The engagement was officially opened by Prof. Umar Kakumba – Deputy Vice Chancellor/Academic Affairs, Makerere University who represented the Vice Chancellor. He thanked SoL and HURIPEC for organizing the event to discuss the important issues pertaining to security and development.

Prof. Fredrick Jjuuko, School of Law, one of the day's panelists.
Prof. Fredrick Jjuuko, School of Law, one of the day’s panelists.

Prof. Kakumba noted that ‘development is a key issue for a country but it can’t be achieved without peace and security’ He thanked the organisers for inviting the security agencies to be part of the discussions. The Makerere University Strategic Plan is premised on the role of Makerere as a leader in knowledge generation for societal transformation and thus the discussions here contribute to knowledge generation and ranking of the university, the Deputy Vice Chancellor highlighted.

He also noted that HURIPEC is one of the flagship units for Makerere University for research and publications directly contributing to the university’ ranking. Prof. Kakumba further noted that Makerere is well-position to provide policy advice an contribute to important conversations for the country.

Prof. Sallie Simba – Department of Political Science, College of Humanities and Social Sciences (CHUSS), one of the day's panelists.
Prof. Sallie Simba – Department of Political Science, College of Humanities and Social Sciences (CHUSS), one of the day’s panelists.

He welcomed the support from the Royal Danish Embassy and partnership with CRIC. He thanked Prof. Mbazira and colleagues for taking Makerere University out of the Ivory Tower and contributing to national development.

Panelists presenting at the event included: Ms. Sarah Bireete – Director, Centre for Constitutional Governance, Major General Henry Matsiko – National Political Commissar, UPDF, Brigadier General Felix Kulaigye – Director Mindset Change, OWC, Prof. Fredrick Jjuuko – SoL, Prof. Sallie Simba – Department of Political Science, College of Humanities and Social Sciences. The moderator was Mr. Charles Odongtho.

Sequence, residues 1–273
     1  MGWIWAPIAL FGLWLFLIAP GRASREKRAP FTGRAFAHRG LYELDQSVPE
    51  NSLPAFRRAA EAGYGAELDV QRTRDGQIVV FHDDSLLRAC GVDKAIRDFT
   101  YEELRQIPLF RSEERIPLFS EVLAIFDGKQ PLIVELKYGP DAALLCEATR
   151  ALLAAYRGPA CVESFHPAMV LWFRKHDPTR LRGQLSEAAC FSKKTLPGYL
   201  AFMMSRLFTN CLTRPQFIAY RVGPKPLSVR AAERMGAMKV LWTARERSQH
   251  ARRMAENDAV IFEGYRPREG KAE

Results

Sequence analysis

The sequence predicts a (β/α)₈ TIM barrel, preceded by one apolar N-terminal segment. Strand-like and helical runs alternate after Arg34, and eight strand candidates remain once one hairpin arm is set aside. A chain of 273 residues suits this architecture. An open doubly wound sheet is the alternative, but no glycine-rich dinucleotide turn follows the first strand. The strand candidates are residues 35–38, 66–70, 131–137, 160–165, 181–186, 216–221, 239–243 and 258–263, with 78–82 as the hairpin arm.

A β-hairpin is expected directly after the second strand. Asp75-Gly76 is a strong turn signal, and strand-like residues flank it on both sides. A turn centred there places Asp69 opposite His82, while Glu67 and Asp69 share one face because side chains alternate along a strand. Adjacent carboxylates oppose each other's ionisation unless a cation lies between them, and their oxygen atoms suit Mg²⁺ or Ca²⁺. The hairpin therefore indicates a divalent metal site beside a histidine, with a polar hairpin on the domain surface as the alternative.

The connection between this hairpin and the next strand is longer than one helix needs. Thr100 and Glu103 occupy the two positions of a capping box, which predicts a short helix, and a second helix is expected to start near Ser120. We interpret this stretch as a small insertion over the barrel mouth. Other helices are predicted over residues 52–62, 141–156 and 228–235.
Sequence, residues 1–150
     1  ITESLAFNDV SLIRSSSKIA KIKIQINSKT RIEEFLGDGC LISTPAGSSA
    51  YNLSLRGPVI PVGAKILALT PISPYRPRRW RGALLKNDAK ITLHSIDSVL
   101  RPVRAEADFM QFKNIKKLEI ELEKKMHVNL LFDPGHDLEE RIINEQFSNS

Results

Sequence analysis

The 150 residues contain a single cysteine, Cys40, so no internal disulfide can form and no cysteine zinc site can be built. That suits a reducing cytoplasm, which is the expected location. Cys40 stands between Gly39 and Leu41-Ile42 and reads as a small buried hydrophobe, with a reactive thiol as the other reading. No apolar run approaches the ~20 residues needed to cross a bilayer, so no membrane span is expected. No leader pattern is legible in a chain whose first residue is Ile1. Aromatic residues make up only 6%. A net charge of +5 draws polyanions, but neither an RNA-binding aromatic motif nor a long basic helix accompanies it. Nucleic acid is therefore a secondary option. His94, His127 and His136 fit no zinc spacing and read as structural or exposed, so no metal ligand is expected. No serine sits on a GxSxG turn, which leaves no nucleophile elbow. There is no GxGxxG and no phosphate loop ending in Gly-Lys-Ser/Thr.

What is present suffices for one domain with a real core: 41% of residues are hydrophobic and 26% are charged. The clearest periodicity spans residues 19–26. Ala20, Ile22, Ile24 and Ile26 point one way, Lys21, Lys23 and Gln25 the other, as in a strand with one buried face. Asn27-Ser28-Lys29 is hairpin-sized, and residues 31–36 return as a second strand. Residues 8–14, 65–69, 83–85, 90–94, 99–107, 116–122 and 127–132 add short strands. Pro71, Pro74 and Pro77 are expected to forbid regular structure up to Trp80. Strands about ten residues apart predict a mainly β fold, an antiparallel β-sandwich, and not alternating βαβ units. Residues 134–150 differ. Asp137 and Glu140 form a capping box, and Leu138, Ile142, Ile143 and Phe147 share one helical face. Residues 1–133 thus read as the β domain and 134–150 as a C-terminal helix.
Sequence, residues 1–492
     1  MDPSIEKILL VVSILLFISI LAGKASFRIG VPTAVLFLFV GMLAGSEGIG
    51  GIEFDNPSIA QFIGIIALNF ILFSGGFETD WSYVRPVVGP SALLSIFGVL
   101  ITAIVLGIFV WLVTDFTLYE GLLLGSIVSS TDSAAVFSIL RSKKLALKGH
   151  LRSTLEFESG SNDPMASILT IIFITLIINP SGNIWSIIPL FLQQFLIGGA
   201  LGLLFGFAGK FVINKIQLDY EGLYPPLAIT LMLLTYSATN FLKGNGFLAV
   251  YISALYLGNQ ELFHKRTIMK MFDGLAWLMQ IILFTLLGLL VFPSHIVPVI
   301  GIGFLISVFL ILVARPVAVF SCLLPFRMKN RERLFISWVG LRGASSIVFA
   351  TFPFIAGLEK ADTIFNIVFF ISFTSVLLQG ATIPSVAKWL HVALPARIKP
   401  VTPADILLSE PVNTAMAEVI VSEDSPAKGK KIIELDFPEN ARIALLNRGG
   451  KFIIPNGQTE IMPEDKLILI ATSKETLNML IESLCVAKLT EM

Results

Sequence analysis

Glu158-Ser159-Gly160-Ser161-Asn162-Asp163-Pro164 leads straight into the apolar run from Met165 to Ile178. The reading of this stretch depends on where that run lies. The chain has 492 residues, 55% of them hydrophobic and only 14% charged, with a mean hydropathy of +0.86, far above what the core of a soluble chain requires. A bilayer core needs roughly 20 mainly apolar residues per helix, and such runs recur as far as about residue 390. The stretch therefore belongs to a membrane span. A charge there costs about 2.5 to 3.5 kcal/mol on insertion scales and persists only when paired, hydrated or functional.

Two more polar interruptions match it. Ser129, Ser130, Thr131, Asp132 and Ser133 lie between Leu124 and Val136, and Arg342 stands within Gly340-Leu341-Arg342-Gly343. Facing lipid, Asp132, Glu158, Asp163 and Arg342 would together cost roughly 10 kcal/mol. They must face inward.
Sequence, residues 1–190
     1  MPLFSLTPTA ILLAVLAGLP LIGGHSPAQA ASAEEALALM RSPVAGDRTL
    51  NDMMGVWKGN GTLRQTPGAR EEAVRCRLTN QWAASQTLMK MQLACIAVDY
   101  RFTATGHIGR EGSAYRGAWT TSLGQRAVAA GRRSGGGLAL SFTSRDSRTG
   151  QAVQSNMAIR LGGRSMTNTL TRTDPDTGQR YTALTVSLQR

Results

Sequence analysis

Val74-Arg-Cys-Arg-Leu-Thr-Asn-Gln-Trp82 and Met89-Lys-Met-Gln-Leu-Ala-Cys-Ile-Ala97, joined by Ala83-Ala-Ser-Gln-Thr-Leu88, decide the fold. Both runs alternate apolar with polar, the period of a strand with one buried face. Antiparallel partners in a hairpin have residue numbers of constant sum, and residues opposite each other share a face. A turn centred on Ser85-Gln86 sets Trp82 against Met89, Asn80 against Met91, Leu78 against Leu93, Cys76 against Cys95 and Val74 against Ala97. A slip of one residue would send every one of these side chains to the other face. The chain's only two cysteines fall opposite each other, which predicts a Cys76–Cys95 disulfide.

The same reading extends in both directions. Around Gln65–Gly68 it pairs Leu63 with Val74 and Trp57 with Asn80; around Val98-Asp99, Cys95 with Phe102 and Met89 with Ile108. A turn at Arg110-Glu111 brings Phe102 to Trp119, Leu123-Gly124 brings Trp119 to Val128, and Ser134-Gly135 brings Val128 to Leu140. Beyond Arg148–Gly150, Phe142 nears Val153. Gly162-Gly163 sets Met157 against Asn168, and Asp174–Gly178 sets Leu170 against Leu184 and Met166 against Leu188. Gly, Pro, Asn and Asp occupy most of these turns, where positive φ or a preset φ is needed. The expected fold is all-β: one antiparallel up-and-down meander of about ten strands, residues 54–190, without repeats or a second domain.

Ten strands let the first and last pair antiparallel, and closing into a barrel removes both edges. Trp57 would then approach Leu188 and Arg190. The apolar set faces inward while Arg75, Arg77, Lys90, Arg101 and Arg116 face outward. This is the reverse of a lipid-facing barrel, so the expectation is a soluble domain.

Brigadier General Felix Kulaigye – Director Mindset Change, Operation Wealth Creation (OWC).
Brigadier General Felix Kulaigye – Director Mindset Change, Operation Wealth Creation (OWC).

Some of the issues arising from the presentations and discussions included:

  • As a country we do not know whether there can be change of government without involvement of the army.
  • Citizens have to speak freely and hold leaders to account.
  • There is need to define the role of the army in engaging civilian institutions.
  • Militarisation is derogatory word.
  • The army has been assigned to undertake the tasks because civilian managers have failed in some cases
  • The involvement of the army in national development shouldn’t be an issue to cause anxiety.
  • Lessons are present for Uganda as seen from the advances by the ‘Asian Tigers’ where the army has greatly contributed to national development.
  • The nation must learn from the circumstances that led to 1966 attack of the Lubiri nd more recently in 2017 attack of the Rwenzururu Palace by the army otherwise the same mistakes will be repeated.
  • The institutions like Parliament have abdicated their role to hold army to account.
  • There is ‘civilianization’ of the military rather than ‘militarisation’ of society
Ms. Sarah Bireete – Director, Centre for Constitutional Governance
Ms. Sarah Bireete – Director, Centre for Constitutional Governance

The meeting ended with calls for an understanding of the exit strategy of the army’s involvement in civilian works and the implication of military involvement on democracy, peace, security among other sectors. There is also the need to understand how to harness the UPDF as a resource for development in Uganda. ‘How do we work together amicably?’

Dr. Zahara Nampewo closed the meeting and thanked all the participants and panelists for  the presentations, discussions and attending the engagement. She reiterated that ‘this is only a scratch of the surface and we hope to host more of these conversations’

Zaam Ssali is the Principal Communication Officer SoL & MakCHS

Law

NETPIL Calls for Effective Access to Justice

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Mr. Arthur Nsereko – Coordinator, Network of Public Interest Lawyers (NETPIL) at the breakfast meeting with members of the Media on 17th November 2021, Piato Restaurant, Kampala.